At $2.99 per month (paid annually) or $3.99 monthly, is Simplifi worth it? There are good arguments either way.
Some people may prefer to save by choosing a free alternative like Mint or Personal Capital. Others are happy to make a small payment to avoid ads and upselling and to get better customer service. If you are part of the second group, Simplifi is an excellent option.
Simplifi uses bank-level security and encryption and I had no qualms handing over my login information. Simplifi connects to your banks and stores data using 256-bit encryption. I think that not even the NSA could break into your financial data with that level of security.
Easy to use: The menus and tools are easy to understand, navigate and use even if you’re not a financial pro.
Helpful financial info: Information (including spending plans, upcoming bills and goals) help you stay on track.
No advertising or upselling: You won’t see any ads or product suggestions. Just your financial information and advice.
Subscription required: Unlike some competitors, there’s no free version. You’ll have to pay monthly or annually to use Simplifi after the free trial period.
Room for improvement in some areas: Investment features are minimal. And there’s not much help for planning to payoff debt.
Customer service is available only to users who are logged into the Simplifi platform. You can reach customer service from 8:00 A.M. to 5:00 P.M., Pacific Time, seven days a week via a messaging system.
According to Simplifi, they respond to most questions within a few minutes. In my test, I initially got an answer from a bot, but it was easy to click a button to “talk to a person” for human customer service. An actual human answered in about one minute. He was pretty nice too, considering my question was, “I just wanted to see if you really responded in a few minutes.”
Simplifi gives you a free trial for 30 days before you’re billed. You enter your payment card information when signing up and need to cancel before the billing date to avoid a fee if you decide Simplifi isn’t for you.
Choose from two available subscription plans:
You can pay $3.99 per month
Or save money by paying $35.99 per year
The $35.99-per-year plan comes out to $2.99 per month, which is a fairly significant savings. If you’re going to sign up, that plan is a better deal.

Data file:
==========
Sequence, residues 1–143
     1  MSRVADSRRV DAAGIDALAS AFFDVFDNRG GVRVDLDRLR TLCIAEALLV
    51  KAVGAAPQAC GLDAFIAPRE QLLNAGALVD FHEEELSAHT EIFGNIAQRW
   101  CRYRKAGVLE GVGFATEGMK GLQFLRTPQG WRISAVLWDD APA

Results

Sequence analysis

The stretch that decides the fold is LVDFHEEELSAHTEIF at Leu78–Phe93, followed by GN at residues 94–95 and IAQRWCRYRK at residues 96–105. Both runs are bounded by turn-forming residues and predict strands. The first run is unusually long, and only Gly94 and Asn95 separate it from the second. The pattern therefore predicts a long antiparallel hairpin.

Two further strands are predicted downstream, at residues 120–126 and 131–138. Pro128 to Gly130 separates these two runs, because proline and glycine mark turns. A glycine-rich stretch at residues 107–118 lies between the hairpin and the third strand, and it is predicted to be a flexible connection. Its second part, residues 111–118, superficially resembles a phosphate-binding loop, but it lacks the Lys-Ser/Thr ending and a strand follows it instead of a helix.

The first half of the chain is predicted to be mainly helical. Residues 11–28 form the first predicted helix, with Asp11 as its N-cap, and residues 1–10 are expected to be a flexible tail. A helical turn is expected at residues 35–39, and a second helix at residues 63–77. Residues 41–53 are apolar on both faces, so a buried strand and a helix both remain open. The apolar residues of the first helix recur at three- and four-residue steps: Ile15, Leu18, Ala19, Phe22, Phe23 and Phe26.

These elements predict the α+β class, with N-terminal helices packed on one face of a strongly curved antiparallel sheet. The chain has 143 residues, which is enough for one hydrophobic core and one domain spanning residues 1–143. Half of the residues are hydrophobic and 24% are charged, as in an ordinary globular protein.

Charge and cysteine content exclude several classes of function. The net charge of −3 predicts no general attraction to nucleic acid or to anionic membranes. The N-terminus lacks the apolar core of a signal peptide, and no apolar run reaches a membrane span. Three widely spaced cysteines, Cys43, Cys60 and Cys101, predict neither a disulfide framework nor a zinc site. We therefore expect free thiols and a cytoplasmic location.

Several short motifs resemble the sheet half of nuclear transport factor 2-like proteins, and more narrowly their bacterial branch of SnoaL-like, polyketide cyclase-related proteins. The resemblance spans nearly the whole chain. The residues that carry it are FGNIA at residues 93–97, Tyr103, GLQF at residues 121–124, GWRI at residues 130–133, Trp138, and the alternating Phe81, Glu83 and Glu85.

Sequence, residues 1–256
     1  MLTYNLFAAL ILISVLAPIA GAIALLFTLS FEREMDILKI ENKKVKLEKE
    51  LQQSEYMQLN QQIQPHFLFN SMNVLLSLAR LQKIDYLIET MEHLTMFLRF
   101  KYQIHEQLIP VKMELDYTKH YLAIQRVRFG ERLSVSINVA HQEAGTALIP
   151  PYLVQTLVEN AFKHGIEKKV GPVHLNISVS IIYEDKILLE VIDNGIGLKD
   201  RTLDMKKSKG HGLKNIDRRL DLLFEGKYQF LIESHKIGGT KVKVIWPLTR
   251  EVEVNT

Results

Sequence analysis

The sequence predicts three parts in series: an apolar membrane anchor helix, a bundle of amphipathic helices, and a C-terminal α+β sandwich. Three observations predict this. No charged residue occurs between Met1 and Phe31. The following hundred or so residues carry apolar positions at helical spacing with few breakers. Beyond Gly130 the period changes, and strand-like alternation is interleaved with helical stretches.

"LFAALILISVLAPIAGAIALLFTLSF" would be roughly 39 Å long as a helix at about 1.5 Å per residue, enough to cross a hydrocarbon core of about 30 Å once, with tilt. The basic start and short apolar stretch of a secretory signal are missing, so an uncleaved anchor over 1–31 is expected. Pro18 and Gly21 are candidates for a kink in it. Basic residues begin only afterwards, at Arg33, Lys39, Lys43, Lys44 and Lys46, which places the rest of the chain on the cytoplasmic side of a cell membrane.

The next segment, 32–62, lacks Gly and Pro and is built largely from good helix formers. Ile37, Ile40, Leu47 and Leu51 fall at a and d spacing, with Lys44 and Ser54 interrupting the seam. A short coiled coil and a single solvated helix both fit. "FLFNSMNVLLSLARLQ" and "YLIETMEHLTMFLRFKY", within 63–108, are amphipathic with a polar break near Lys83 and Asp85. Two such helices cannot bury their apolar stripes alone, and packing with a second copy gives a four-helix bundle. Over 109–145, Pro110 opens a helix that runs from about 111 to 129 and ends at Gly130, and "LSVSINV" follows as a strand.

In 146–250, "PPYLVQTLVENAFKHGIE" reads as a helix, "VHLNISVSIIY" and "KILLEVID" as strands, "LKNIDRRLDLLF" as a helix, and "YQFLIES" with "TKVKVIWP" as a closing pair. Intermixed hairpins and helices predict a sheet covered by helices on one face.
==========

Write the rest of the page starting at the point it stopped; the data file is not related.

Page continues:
Once signed up, you won’t pay any more than the subscription fee. And include as many financial accounts as you want, since there is no limit.
Based on the user experience and financial tools, Simplifi is best for people who want a clear overview of their money and to receive valuable tips to stay on target.
It’s best for people who don’t mind paying a little bit for an ad-free experience. This also improves the app’s privacy and security, as you’re not seeing suggestions from other companies based on your data.
If you are opposed to paying for a budgeting app, you’ll need to look elsewhere as this one requires a subscription fee after a free trial period. But for many people, going advertising-free and getting the features they want makes it worth the cost of $3.99 (or less) per month.
Every feature in Simplifi is straightforward and simple to use. To enjoy the full power of Simplifi, connect every possible financial account. Without complete data, your dashboard and reports are far less helpful.
Simplifi doesn’t work with Quicken data. It’s an independent app with its own database. You can’t currently import data from other apps. When you sign up at Simplifi, you’re starting from scratch with a clean slate.
Simplifi currently supports banks and accounts located only in the US. Sorry, international friends.
Simplifi has a decent list of features. Here are the main features to know about if you’re thinking about signing up:
Account and transaction tracking: The most important area of Simplifi is the dashboard. Here you view accounts and balances, your current spending plan, recent transactions, upcoming bills and other valuable financial metrics. The transaction tab keeps track of every single time money moves in or out of your accounts. Or enter transactions manually.
Spending plan: A nicer way of saying “budget,” the spending plan section tracks your expenses to a monthly plan. You choose your budget with suggestions based on recent income and expenses.
Bill-tracking: A calendar and list of upcoming bills help you understand what’s coming due soon, so a recurring charge or withdrawal doesn’t blindside you.
Financial reports: The financial reports section includes graphical breakdowns of your spending, income, net income, savings and a monthly summary. You can also track refunds from stores to make sure they actually send the refund to your card.
Investment details: The investment details page brings in a big list of all investment holdings from connected accounts. It shows only balances and today’s price change. There’s room for improvement here.
Savings goals: Savings goals allow you to track progress toward specific goals like an emergency fund, down payment or major purchase. This useful feature ties into your budget, so you remember to set aside funds for your goals.
When signing up for a new Simplifi account, you will be prompted to connect your bank and other financial accounts. Once securely connected, Simplifi slurps up your financial data from every connected account and aggregates it into one helpful dashboard.
You can track your net worth, income, total savings and store refunds, and set financial goals, among other features.
In my testing of the app, everything worked well. I never felt stuck or confused adding my bank and investment accounts or navigating the easy-to-understand menus and dashboards.